Sexual Assault & Harassment: Here Are 3 Keys to Helping Victims of Sexual Abuse by 30Seconds Health
The #metoo movement and the trial of former USA Gymnastics and Michigan State University doctor Larry Nassar have put the spotlight on sexual abuse, assault and harassment. Veteran holistic physician Dr. Bradley Nelson, an expert on emotions and health who has conducted workshops on healing sexual trauma, says sexual assault and abuse often results in trapped emotions, unresolved feelings from traumatic life events that linger in the subconscious and cause mental, physical and emotional pain and suffering. Multiple trapped emotions can lead the subconscious to form a “Heart-Wall,” a barrier that prevents people from trusting others and experiencing love.
“Trapped emotions and Heart-Walls can lead to feelings of isolation, depression and anxiety, and or an underlying cause of many of the symptoms of PTSD (post-traumatic stress disorder). Although these emotional energies are unseen, they can ultimately contribute to self-sabotage, divorce and abuse,” Dr. Nelson says. “And we now know but these emotional energies are passed from parent to child, creating patterns of negative thinking and abuse that can pass from generation to generation, interfering with the happiness and functionality of an entire family line, ultimately.”
The good news: “Complete and vibrant recovery is possible. You don't have to have any special skills in order to help them (or yourself, for that matter). All you need to do is ask the right questions," according to Dr. Nelson. These include:
- Is your abuse experience constantly in your mind, even though it may have happened many years ago?
- Are you experiencing feelings of isolation, depression or anxiety that you did not experience before your abuse happened?
- Have you tried traditional methods of healing, to no avail?
Dr. Nelson shares three tips to help victims of sexual assault and abuse:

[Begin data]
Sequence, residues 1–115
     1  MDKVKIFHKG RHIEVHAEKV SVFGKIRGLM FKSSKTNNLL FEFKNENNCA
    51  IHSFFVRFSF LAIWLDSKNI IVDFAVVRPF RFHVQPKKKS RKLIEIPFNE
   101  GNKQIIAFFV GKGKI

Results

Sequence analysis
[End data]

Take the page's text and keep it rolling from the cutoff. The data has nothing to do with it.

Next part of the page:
- Find and Release Trapped Emotions: Many victims of sexual assault and abuse struggle with fear, anger, helplessness, hopelessness and even shame. Victims often suffer from hyper vigilance, a prolonged state of unease that can result in insomnia, flashbacks and exhaustion. “Finding and releasing trapped emotions can help restore peace to your subconscious, help your physical body to heal and function optimally, and create a state of acceptance and forgiveness on a daily basis.” Instructions to release trapped emotions are available for free at EmotionCodeGift.com.
- Forgive for your own peace of mind: This can be one of the hardest things for victims of sexual assault and abuse. How do you forgive someone who abused you, particularly if it was a friend, relative, or someone close to you? The key, Dr. Nelson says, is to view forgiveness as something you do for your own healing. “When we withhold forgiveness from someone who has hurt us, we may think that we are getting even or hurting that person, but nothing could be further from the truth. What we are really doing is we are hurting ourselves. When we allow ourselves to finally forgive our own selves or that person who has hurt us, the end result of that is peace for us.”
- Reach out to help other survivors: This is one of the best ways to overcome the sense of isolation and helplessness that plagues many survivors. It can include reaching out to other survivors, sharing your story with them and joining organizations working to end sexual violence and support survivors in your community. “This takes the focus away from you and enables you to turn that lens around so it is not pointed at you and your trouble; instead it is pointed at somebody else who needs you,” Dr. Nelson says.
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